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Laid Off? 2 Steps Before Taking Time Off

by THEA kelley | January 22, 2021

I’ve been laid off myself, and I know how it is. The first thing you want to do is recover from the shock of losing your job – and the stresses of having one! You may not have had a vacation in a long time. You deserve some time off.

But there are at least two strong reasons why, in addition to essentials like signing up for unemployment, you should take a few small steps toward your job search first.

First,  jobs come through people, and people are everywhere, all the time. Networking isn’t always a planned thing. Opportunities can come unexpectedly and suddenly. If nothing else, you may be asked “What happened to your job?” and the answer you give can nurture opportunities or squelch them. You need to prepare to communicate positively and clearly.

Second, it’s easy for a few weeks off to turn into a few months, while the “doomsday clock” of long-term unemployment (recruiters are leery of candidates who’ve been unemployed for six months or more) ticks in the background. Taking even a baby step or two helps nip procrastination in the bud.

So before you take a couple weeks off, take a day or two to do the following.

What to Do First When You’re Laid Off:

1. Prepare your answers to three key questions.

You will often be asked these three questions:

  • “What happened to your job?”
  • “What are you looking for now?”
  • “Would you tell me a little about yourself?” (or “Um, can you remind me what it is you do, anyway?”)

Your answers to these questions are sometimes called your Exit Statement, Job Objective Statement and Elevator Intro (or Positioning Statement), respectively.

Exit Statement: It’s natural to feel sad, anxious or angry after losing a job, and you’ll need to talk about your feelings with those closest to you. But advertising your wounds to the wider world can hold you back. A brief, positive, forward-looking answer assures others that you’re ready for job leads, introductions, and other valuable networking opportunities.

Example: “I’m proud of what I achieved during my five years with XYZ & Co. Unfortunately a business decision was made that resulted in the elimination of 150 jobs, including mine. So, I’ll be looking for new opportunities along the lines of…”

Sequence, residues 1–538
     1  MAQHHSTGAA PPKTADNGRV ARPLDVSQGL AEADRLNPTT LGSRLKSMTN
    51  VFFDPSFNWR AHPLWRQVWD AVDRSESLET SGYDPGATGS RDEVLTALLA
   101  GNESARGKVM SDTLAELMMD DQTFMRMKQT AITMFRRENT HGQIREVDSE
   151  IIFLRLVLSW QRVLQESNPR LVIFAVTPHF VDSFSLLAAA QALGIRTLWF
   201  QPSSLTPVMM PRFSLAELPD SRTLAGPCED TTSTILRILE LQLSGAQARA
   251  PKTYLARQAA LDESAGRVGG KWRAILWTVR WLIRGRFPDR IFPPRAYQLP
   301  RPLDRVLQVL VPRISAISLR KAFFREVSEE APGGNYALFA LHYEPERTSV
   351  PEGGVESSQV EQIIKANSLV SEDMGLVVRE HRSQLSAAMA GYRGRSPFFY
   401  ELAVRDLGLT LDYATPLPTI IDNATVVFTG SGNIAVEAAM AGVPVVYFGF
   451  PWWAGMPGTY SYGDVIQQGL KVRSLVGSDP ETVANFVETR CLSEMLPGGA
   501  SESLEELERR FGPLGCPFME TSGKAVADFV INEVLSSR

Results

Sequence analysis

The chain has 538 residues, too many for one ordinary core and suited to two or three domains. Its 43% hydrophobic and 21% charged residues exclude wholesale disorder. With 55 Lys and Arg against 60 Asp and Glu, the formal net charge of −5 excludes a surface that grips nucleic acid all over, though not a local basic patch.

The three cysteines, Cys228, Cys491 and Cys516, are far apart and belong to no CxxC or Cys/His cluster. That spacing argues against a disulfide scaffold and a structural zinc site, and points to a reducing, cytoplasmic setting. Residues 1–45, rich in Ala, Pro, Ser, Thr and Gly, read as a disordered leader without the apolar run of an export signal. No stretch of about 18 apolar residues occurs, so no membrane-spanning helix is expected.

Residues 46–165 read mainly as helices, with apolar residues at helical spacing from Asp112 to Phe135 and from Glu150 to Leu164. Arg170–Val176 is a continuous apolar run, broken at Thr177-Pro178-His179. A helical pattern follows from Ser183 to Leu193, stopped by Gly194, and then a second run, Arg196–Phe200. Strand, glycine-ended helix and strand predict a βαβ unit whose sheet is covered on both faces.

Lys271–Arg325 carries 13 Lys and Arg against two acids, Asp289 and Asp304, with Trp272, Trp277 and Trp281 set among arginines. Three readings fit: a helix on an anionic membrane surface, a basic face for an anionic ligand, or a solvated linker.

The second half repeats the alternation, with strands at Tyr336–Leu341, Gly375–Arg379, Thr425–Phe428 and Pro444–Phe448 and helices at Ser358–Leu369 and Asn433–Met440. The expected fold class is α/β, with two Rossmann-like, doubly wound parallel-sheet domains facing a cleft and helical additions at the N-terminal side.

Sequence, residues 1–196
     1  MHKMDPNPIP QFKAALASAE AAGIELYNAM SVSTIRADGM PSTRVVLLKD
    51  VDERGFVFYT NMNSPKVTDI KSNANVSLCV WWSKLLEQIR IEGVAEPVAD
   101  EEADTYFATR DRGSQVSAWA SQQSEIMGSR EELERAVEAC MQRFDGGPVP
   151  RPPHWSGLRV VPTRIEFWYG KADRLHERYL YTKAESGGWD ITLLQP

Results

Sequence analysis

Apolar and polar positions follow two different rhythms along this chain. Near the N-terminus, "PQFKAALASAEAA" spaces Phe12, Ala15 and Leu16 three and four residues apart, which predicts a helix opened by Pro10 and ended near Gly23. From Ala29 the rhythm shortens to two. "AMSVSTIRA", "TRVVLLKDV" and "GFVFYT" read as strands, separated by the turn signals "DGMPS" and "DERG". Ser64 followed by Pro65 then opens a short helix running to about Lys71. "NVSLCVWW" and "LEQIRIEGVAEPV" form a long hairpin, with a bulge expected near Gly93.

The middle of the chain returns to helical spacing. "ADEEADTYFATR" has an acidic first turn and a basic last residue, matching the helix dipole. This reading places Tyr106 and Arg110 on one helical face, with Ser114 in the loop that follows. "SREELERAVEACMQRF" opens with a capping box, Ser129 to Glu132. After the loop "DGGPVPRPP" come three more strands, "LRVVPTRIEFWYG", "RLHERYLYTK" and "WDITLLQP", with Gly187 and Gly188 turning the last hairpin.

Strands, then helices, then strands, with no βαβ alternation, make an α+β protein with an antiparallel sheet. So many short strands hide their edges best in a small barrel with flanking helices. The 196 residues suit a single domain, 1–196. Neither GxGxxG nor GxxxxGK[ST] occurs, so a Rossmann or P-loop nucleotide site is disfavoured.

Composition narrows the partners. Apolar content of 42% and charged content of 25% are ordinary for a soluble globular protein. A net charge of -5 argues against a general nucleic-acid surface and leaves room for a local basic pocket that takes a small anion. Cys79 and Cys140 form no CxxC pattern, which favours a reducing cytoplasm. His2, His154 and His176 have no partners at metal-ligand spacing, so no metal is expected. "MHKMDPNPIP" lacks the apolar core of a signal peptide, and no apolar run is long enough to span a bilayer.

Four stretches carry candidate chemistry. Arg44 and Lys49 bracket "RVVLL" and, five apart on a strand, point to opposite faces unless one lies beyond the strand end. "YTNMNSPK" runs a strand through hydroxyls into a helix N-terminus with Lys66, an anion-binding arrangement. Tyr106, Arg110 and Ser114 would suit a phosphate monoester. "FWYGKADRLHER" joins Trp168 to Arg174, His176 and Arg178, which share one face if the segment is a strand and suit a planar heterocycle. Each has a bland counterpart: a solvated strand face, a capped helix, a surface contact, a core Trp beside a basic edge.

Job Objective Statement: Your answer to “What are you looking for?” should be as clear and specific as possible. Try to include a job title (or a few related ones), the industry or industries you’re focusing on, what size of company you prefer and the geographic area you’d consider. A quick summary of these points will greatly help others understand what kind of information and introductions you’ll be interested in.

Elevator Intro: Of course, the next question after “What happened to your job?” is “Can you remind me what it is that you do?”

In a networking situation, you answer this with your elevator intro, a super-short (maybe 10-30 seconds) summary of your occupation/skills, stated in a way that’s positive and interesting. You may want to end with your Objective.


“I’m a product manager. Most recently I led the development of several cool new features of the Yada-You iPhone app for Silicon Tech Inc. Now I’m looking for … ”

(Note: Just because you’re unemployed doesn’t mean you aren’t still a product manager, business analyst or whatever. That’s your profession, even if you’re currently between jobs. Own it!)

2. Round Up Your Resume Resources.

If you’re thinking of hiring a professional to assist with your resume, cover letter, LinkedIn profile or other marketing materials, don’t wait until you “need it as soon as possible.” You don’t want to have to choose someone based on availability rather than skill! Good resume writers are in demand, and often aren’t available to start right away. Once they do, the turnaround time may be several weeks. So find the right writer and get on their calendar now.

Look for credentials like a certification from a major resume writers’ association, and ask to see samples. Ask about the process, which should include an in-depth realtime discussion of your accomplishments, strengths and goals, not just a written questionnaire. Also find out whether the resume writer will do the work herself/himself–which is likely to give a better result–or whether they’ll assign your resume to a subcontractor.

If you’re a do-it-yourselfer, break the ice by identifying some resources and planning when you’ll start. My blog is a good source of tips, and you should also read a good how-to book by a trusted expert like Wendy Enelow or Susan Britten Whitcomb.

Open a path between yourself and opportunity now, so that when you’re finished enjoying a little rest and recreation, it will be much easier to move forward.

For more tips, read What to Do When Laid Off from Work.

This post was originally written in 2013 and has been updated.


Young female entrepreneur enjoying business and job success against city and sunset background. Successful businesswoman smiling outdoors

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